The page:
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Gaming for the Road Warrior

by Drew Dunn

I suppose that if you're the well-equipped road warrior, you have everything that you need to communicate, navigate and recreate once you leave the comforting glow of your computer monitor.  That means that your trusty cell phone, PDA and portable gaming device are all rattling away on your belt as you clatter on down the sidewalk.

Now, I'm not a big computer gamer, but when I have to kill time, it's great to have some kind of portable device in hand to entertain myself.  Before the electronic age (as in the mid '90s), that portable device was usually a book.  Nowadays, it's still likely to be a book, but there are plenty of times when I'm also twitching my thumbs on a Gameboy Advance, too.  The only problem is that a 40-something guy with gray hair gets a lot of strange looks when he's nose to screen with what is obviously, well, a toy.

On the other hand, I like to think that I'm also pretty well equipped with a modern cell phone, to wit, a Nokia 3650, a model that sports a fairly large screen, the Symbian operating system and Java.  The obvious problem with it, however, is that it's just too darn small for both my eyes and my big thumbs.

But I do have a PDA.  It so happens that my PDA of choice is a Palm Tungsten T3.  But I have friends who use PDAs powered by Microsoft's Windows Mobile.  I chose the T3 simply because I've used PalmOS devices for a long time, so I'm used to the interface.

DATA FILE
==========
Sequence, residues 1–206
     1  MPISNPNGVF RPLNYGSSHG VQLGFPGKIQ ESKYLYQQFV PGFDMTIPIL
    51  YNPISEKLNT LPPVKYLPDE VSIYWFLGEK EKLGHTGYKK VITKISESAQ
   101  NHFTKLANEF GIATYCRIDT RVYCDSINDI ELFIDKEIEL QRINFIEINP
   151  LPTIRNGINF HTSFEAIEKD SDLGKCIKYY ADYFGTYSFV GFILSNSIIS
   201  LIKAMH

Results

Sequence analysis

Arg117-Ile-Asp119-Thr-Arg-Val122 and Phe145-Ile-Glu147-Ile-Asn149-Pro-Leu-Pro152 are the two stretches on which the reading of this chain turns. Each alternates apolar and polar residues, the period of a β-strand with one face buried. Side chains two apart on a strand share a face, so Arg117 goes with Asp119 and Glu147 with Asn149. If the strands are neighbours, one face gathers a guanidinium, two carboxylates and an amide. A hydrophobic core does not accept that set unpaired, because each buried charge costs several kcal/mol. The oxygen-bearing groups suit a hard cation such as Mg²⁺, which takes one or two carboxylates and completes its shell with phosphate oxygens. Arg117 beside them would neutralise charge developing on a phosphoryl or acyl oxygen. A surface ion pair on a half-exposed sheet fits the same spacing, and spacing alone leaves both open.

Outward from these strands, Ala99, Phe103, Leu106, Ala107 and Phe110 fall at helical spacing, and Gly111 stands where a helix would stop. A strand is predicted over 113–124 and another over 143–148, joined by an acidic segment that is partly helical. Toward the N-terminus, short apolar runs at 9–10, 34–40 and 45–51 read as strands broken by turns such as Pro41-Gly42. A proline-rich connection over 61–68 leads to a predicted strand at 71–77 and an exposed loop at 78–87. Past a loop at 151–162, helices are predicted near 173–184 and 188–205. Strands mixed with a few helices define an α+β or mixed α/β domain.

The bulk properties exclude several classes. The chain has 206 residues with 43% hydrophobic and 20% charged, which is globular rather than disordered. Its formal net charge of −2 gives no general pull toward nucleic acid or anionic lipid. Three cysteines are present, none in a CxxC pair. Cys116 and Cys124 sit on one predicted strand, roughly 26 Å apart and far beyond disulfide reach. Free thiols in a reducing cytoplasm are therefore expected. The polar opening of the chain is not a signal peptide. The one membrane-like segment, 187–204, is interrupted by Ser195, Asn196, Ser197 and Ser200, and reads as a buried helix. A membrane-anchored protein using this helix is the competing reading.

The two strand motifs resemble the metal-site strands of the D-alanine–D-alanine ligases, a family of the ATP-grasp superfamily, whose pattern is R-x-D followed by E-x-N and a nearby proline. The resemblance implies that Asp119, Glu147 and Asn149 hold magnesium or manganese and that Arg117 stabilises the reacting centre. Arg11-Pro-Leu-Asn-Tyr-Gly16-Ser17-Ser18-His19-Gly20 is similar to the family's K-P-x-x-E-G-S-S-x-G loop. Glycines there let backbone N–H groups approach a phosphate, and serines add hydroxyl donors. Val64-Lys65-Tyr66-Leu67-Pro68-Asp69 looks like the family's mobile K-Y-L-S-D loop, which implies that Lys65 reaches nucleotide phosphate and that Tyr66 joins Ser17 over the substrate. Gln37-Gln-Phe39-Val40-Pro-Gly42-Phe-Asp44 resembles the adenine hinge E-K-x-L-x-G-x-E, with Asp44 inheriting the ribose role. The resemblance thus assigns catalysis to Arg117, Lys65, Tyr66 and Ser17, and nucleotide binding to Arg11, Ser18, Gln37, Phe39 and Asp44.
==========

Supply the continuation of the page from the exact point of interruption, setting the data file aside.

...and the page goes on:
Now, one thing that I know the T3 can do is play games.  It's great at this because it has a very large (as PDAs go) screen - 320x480 pixels.  It also has a reasonably fast Intel XScale 400MHz processor and 64MB of RAM.  The T3 also accepts SD cards which it can access like memory.  It has Bluetooth and infrared connectivity.  And it has a tiny little speaker that sounds surprisingly good.

So I play my games on the Tungsten T3.  But how does Palm OS5 on a T3 fare against a comparable Windows-based PDA?  I turned to a few friends for help.

For what it's worth, the Windows Mobile 2003 users that I know all have Dell Axim X3i PDAs.  They are the corporate standard at their company.  It seems fortuitous, though, because the PDAs run on the same Intel XScale processor as the T3 and feature the same amount of memory.  According to Dell's web page, they also sell for about the same price, just south of $400.

Put an Axim and a T3 next to each other and you might think that they came from the same company.  I suppose that says something about the state of development of the physical interface design.  Both feature a five-way D-pad and four application buttons.  The T3 has an advantage in screen real estate over the Axim's 240x320 pixel display by virtue of its sliding lower section.

Now, since this isn't a review of these devices as PDAs, I'm not going to delve into their respective personal management abilities.  I didn't spend much time with the Axim as a PDA, so it wouldn't really be fair.  But one thing that I will point out is that the Axim has an interesting feature that the Tungsten does not - it has an extra 35MB called a "file store" that works pretty much like a memory card, giving the PDA a total of 99MB of user storage.  That's not too shabby!